Last month, South Africa's government declared that it would increase the production of coal-fired energy.
It was a surprise to many in the climate-change scene. They had expected African countries to cut back on coal, especially after the African Development Bank (ADB) stopped financing coal projects.
Despite this, the African nations are sticking with fossil-fuel projects. But, how does Africa manage to fund them?
In sub-Saharan Africa, 620 million people—a third of the population—have no electricity. The remaining third have intermittent power supply, with constant outages. In such dire circumstances, one would not expect restrictions on fuel sources.
However, during last month’s UN climate summit, ADB’s president Akinwumi Adesina announced, “coal is the past, renewable energy is the future. For us at the African Development Bank, we are getting out of coal.”
Two decades ago, such a decision would have caused havoc. However, in recent years, Africa has found a new investor. ADB’s decision is at least partially offset by huge investments from developing countries and private energy firms.
The Grand Chinese Investment in Africa
Among the top investors in Africa’s energy market is China. It is already one of Africa’s biggest trade partners ($200 billion USD annually).
China’s energy investment in Africa since the year 2000 adds up to $41.6 billion USD. Chinese companies and contractors account for a total of 63 future power projects in Africa ($78.1 billion USD).
China finances coal power projects in Zimbabwe, Zambia, South Africa, and Morocco. It finances oil projects in Sudan, Angola ($8.9 billion USD), South Sudan, and Chad. Nigeria, Tanzania, Sudan, and Ghana have used Chinese investment to develop their LNG and gas projects.
China’s investment in Africa is like a river of energy flowing through a parched landscape. It brings much-needed support while the anti-fossil movement has gripped traditional investors in Europe and North America.
Private Investments in Newly Discovered Reserves Propel Energy Growth
Private energy firms are also investing heavily in Africa’s fossil fuel sector. In 2017, ExxonMobil bought a significant share in Mozambique’s Rovuma LNG complex. It is one of the biggest natural gas projects in Africa with proven reserves of 100 trillion cubic feet (tcf) and resource estimates of 150 tcf.
N.J. Ayuk (Forbes Top 10 Most Influential Africans in 2015) believes ExxonMobil’s participation in the Rovuma project will be ground-breaking for both Mozambique and all of Africa. It won’t be a surprise if ExxonMobil spends more of its $200 billion USD (the firm’s commitment for production of fossil fuels globally) in African offshore LNG projects.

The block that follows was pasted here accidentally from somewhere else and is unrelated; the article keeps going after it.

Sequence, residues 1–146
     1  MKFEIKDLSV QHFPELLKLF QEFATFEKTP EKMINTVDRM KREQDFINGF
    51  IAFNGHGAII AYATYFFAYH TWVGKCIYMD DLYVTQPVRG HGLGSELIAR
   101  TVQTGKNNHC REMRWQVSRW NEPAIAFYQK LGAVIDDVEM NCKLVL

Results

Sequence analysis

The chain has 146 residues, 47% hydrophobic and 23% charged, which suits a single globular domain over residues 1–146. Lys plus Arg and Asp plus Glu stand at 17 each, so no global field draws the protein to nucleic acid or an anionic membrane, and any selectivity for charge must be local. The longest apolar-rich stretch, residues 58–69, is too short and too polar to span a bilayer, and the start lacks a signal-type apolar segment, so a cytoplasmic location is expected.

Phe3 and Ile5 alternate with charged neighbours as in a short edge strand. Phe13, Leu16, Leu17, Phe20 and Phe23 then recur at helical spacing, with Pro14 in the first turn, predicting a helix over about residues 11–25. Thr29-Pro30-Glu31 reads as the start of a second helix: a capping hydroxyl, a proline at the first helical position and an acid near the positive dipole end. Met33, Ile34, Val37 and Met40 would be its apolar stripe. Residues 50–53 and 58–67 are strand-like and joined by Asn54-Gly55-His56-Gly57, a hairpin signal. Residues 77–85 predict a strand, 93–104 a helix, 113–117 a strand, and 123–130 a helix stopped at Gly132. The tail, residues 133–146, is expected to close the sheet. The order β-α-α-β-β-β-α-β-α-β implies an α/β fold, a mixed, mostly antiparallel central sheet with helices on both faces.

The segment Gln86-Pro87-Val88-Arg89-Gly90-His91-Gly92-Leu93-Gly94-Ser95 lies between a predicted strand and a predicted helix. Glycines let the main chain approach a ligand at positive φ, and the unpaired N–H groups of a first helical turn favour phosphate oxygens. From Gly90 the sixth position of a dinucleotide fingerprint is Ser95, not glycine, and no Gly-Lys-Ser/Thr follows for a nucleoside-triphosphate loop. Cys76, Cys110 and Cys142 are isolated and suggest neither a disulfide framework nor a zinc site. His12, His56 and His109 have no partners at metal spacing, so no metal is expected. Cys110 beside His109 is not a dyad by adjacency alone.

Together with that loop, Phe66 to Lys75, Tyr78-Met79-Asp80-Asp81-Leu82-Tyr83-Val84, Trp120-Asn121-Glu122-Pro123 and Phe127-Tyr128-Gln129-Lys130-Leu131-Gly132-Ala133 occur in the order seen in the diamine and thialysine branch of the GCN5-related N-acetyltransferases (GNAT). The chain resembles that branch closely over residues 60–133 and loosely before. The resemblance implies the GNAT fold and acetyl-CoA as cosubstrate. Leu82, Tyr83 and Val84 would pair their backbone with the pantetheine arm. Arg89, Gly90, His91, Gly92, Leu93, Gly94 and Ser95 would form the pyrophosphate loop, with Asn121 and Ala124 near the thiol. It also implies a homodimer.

Another source of foreign investment attraction has been the newly discovered oil fields in Uganda’s Albertine Rift Basin. In a couple of years, Uganda is set to join Nigeria as one of the top oil producers in Africa, with a combined production of 2.73 million barrels per day.
More Fossil Fuels: Africa’s Way Forward
Energy problems in Africa are not exclusive to sub-Saharan, East, and West Africa. South Africa, the most developed African nation, continues to face power outages.
Coal contributes 77 percent of electricity consumed in South Africa. Their 10-year Integrated Resource Plan emphasizes the continued use of coal and forecasts that the country will derive nearly 60 percent of all its energy, not just electricity, from coal, despite an increased commitment to renewable energy installations.
The African Energy Chamber (AEC) applauded South Africa’s decision to increase production of coal-fired energy. AEC’s website reads, “we believe in Africa, her people, natural resources and potential. Now is her time to shine in the global energy market.”
And so must we applaud the decision by these nations to continue their use of fossil fuels. A breakthrough in the African energy sector is impossible without abundant fossil fuel energy. And Africa’s conquest of poverty is impossible without that breakthrough.
Although there is much hope for the continent from the oil and gas discoveries in the East, a steady inflow of aid from the West is also necessary to tackle the huge demand-supply gap in Africa’s energy sector.
Africa’s strategy for development should be a no brainer. An increase in fossil fuel-based energy production is crucial to its economic progress, as it has been for most developed economies in the West.
Vijay Jayaraj (M.Sc., Environmental Science, University of East Anglia, England), is a Research Contributor for the Cornwall Alliance for the Stewardship of Creation.